Saturday, January 18, 2014
New TE coach must develop Escobar
By Todd Archer
IRVING, Texas – With the Dallas Cowboys heading to the Senior Bowl on Monday, coach Jason Garrett knows he has at least one vacancy to fill with the departure of tight ends coach Wes Phillips to the Washington Redskins.
The No. 1 task of the next tight ends coach has to be the development of Gavin Escobar.
The new tight ends coach will inherit future Hall of Famer Jason Witten, who will be entering his 12th season in 2014. He is the franchise’s all-time leading receiver. He is coming off a 73-catch, 851-yard, eight-touchdown season. If the Denver Broncos or San Francisco 49ers make it to the Super Bowl, Witten will play in his ninth Bowl.
It’s not that coaching Witten is easy. It might be more challenging. On the CBS pregame show last week Bill Cowher interviewed New England Patriots coach Bill Belichick, who had this to say about Tom Brady:
"[Tom and I] have had a weekly meeting the entire time we've been together,'' Belichick said. “Tom is one of the toughest players I've ever had to coach, because when you walk into a meeting with Tom, he's already seen every game. Like the Colts. He's already seen every game the Colts have played defensively. So you can't go in there unprepared, you can't go in there saying, 'Well, I don't know if they're going to do this,' because he'll say, 'Did you see the Tennessee game? That's what they did.'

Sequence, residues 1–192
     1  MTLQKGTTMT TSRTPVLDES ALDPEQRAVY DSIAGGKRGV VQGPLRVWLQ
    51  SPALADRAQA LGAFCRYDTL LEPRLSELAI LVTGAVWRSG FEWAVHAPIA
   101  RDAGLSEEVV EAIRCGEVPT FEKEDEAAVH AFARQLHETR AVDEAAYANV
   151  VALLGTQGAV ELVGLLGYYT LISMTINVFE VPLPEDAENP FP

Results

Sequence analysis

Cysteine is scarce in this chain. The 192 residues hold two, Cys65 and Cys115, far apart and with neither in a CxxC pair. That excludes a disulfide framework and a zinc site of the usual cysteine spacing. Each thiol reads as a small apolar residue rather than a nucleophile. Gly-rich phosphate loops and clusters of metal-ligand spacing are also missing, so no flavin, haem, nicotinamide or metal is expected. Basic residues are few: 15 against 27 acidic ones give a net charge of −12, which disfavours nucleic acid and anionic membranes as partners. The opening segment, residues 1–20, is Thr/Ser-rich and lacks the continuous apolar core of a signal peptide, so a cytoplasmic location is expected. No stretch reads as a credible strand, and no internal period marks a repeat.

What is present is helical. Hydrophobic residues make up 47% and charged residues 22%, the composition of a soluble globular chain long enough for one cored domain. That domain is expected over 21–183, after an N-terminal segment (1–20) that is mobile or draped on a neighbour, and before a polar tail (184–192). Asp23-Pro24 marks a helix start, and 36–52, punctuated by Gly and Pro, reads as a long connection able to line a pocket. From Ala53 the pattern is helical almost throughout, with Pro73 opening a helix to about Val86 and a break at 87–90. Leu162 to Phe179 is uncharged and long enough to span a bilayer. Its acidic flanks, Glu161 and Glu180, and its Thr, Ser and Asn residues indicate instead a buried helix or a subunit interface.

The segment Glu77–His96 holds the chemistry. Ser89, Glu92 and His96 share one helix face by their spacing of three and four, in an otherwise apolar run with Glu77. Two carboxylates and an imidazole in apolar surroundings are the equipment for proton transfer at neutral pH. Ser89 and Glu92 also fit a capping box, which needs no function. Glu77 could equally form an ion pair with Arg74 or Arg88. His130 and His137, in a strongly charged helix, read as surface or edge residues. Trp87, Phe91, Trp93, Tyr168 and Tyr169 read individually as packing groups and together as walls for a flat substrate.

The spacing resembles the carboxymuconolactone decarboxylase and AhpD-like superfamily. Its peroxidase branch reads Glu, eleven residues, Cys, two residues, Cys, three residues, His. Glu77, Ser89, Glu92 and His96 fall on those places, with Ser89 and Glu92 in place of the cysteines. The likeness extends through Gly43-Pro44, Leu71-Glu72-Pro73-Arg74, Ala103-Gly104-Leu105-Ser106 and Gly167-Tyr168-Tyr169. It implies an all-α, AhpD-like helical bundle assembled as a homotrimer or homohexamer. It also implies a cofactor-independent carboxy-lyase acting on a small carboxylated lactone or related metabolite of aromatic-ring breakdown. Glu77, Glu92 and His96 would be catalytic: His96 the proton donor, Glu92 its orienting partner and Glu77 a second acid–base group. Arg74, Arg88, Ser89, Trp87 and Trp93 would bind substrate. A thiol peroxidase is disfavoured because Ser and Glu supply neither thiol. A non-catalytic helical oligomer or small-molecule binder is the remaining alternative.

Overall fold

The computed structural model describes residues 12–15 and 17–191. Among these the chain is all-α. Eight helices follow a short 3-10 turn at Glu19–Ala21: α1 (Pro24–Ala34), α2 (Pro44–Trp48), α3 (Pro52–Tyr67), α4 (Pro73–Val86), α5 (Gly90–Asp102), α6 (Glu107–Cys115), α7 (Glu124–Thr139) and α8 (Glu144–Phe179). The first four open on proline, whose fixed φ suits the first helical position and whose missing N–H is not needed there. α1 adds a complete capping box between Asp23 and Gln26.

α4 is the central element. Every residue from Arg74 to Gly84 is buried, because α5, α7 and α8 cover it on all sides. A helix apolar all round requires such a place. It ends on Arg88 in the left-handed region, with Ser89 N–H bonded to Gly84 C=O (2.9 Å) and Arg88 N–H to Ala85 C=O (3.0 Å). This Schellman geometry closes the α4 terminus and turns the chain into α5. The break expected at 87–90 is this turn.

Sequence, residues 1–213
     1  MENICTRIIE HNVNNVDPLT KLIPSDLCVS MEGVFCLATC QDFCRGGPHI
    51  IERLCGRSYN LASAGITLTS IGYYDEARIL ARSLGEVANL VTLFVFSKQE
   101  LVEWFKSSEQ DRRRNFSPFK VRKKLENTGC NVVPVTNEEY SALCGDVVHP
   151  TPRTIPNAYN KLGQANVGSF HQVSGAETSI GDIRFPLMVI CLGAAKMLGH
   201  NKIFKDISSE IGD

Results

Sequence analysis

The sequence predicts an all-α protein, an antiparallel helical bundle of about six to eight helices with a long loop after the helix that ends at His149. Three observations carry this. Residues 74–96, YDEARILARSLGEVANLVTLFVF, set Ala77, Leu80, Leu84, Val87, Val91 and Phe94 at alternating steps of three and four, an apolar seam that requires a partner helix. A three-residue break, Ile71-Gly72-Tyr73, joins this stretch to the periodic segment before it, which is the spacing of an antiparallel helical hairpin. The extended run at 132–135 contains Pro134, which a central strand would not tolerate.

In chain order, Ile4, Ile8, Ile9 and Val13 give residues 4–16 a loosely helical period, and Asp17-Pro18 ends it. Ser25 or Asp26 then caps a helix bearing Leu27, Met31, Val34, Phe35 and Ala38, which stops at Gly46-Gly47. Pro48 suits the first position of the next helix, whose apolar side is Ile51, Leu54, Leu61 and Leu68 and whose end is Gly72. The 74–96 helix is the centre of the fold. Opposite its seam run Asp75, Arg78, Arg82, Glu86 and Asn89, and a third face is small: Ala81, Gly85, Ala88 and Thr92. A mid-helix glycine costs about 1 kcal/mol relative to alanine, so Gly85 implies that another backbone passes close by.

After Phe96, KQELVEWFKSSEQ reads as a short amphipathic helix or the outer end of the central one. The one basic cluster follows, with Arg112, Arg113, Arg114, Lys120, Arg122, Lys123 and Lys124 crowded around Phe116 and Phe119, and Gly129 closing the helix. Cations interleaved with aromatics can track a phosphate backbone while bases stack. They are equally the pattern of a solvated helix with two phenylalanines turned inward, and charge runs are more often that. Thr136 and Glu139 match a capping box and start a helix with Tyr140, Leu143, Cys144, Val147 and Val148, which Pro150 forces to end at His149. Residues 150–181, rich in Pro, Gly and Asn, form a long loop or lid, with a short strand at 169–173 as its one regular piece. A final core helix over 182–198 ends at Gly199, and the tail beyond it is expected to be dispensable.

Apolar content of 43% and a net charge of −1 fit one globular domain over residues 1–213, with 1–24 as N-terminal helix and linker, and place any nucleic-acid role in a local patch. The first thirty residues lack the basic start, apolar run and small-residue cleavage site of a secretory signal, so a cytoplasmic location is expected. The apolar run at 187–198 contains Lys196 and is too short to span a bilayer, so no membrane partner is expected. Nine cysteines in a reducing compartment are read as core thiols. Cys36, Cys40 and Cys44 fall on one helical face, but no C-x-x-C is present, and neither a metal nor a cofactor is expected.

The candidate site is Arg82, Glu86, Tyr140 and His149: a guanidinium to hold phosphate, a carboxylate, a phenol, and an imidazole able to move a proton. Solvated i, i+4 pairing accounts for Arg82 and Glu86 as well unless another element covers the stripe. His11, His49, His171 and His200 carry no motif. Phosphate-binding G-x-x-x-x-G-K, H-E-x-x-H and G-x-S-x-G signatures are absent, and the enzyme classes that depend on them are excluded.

"You have to be as well-prepared as he is. And that's a good thing but it's also a hard thing. You can't throw the curveball by him. You better know what you're talking about, because he does.''
That’s the challenge for a coach with Witten. He knows everything inside and out. The coach has to challenge him in different ways.
But the Cowboys know what they are going to get in Witten.
They don’t know what they are going to get out of Escobar, their second-round pick in 2013. He had nine catches for 134 yards and two touchdowns. He needs to improve greatly as a blocker and it’s more than just getting stronger. He has to work at it, learn the technique, know all three positions the tight end has to play in this offense. Escobar can’t be a one-trick pony (or two tricks) of running the seams in the middle of the field and fades in the red zone.
The new coach has to get more out of Escobar than what the Cowboys got out of their other second-round tight ends in Anthony Fasano and Martellus Bennett.